Second, you're going to need a level. Black and Decker makes a laser level that doubles as a stud finder. My wife bought me one. I scoffed at it. Now I use it all the time. You'll probably find your studs to be at regular intervals. I'd like to say every 16, 18, or 24 inches, but houses tend to be crazy. You never know who built your dwelling or what they were thinking at the time. When you think you've identified the locations of your upright studs, you should be able to rap the wall with your knuckles and hear the difference. Hollow sound = no stud. Solid sound = stud. As long as your shelf supports go into a stud -- into solid wood -- it should hold. If it's going into wallboard, even a spreading anchor that distributes the weight of the shelf will probably fail under the stress of polystone's weight. Then you'll lose your statue, and have to learn how to patch a hole in wallboard as well. If you've any doubt whether you've found the stud, "explore" by tapping a few short nails in and find the edges. Nail holes are easy to patch.
Relatively inexpensive open shelving can be found at either of those same big box stores, or any similar chain hardware store, already finished in a few different colors. A nice, finished, 48" white shelf deep enough for figures goes for about $35 at my Home Depot. That's a pretty long shelf. One that could use three or four support brackets. If you find that your studs are not at regular intervals, and you want it to look symmetrical, you can use one of those spreading anchors, but the majority of your supports need to be going into wood. If the wall won't allow it, use a different wall!
You can select from the big triangular supports in wood or metal, or the less-obtrusive pelican brackets, which look very small but grip the top and bottom of the shelf like a clamp. Whichever you select, make sure they are solidly anchored in the wood studs behind the wallboard. And use a level to be sure your brackets are aligned. Don't measure from the floor. Floors aren't level.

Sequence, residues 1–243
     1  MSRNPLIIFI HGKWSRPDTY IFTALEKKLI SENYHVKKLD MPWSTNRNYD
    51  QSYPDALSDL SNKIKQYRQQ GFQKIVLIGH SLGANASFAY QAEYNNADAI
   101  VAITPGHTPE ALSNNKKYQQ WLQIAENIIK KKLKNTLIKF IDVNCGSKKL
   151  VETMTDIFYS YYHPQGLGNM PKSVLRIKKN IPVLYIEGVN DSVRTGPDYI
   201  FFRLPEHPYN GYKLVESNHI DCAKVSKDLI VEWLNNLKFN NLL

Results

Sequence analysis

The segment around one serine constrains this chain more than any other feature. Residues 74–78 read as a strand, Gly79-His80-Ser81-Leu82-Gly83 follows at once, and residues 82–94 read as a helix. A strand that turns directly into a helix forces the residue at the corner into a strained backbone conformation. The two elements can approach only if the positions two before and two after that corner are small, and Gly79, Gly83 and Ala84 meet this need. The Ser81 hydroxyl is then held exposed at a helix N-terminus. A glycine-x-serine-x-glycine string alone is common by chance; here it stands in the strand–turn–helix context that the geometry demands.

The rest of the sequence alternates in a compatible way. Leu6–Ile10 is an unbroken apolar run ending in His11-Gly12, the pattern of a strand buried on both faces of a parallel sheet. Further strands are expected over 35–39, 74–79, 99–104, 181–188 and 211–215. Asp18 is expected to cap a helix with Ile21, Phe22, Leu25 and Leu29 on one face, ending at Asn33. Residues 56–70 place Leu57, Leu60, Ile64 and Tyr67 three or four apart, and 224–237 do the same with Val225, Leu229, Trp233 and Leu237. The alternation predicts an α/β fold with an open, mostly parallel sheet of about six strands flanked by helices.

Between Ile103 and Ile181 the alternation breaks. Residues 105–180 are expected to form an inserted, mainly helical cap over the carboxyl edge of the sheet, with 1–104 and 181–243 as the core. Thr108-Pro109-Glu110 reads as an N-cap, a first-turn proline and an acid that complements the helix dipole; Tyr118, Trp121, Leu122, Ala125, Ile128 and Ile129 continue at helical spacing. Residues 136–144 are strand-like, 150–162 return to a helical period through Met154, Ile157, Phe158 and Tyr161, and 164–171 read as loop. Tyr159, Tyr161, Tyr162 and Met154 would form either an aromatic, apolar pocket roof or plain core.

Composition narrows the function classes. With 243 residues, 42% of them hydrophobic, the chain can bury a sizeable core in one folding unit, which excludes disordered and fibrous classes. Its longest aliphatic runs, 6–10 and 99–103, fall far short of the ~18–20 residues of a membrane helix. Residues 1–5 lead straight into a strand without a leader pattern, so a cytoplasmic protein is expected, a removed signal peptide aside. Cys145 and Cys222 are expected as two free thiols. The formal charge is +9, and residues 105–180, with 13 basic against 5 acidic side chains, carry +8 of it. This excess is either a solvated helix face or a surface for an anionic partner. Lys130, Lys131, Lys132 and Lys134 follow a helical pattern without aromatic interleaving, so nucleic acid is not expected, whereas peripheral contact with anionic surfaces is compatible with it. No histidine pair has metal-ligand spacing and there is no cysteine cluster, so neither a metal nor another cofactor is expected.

Get your brackets where you want them and level before putting up either end of the shelf. The longer the shelf, the more it will show the slightest bit of slope, and the more supports you'll want to use. Before you buy parts, check the installation instructions for weight limits. Use the length of screw recommended. Make pilot holes first to keep them absolutely level. That B&D laser level is really helpful in this situation, and you won't have to worry whether your level is long enough. The laser beam will cover the length of the wall.
And a power drill to make small pilot holes for your wood screws, and big holes should you need to put a spreading wall anchor in, will be a big help.
As long as tools aren't too specialized, you'll never regret investing in a tool. They last for years, and open the doors to all kinds of projects. When I die, I expect my death certificate to list cause of death as "home improvement."
vBulletin® v3.8.6, Copyright ©2000-2013, Jelsoft Enterprises Ltd.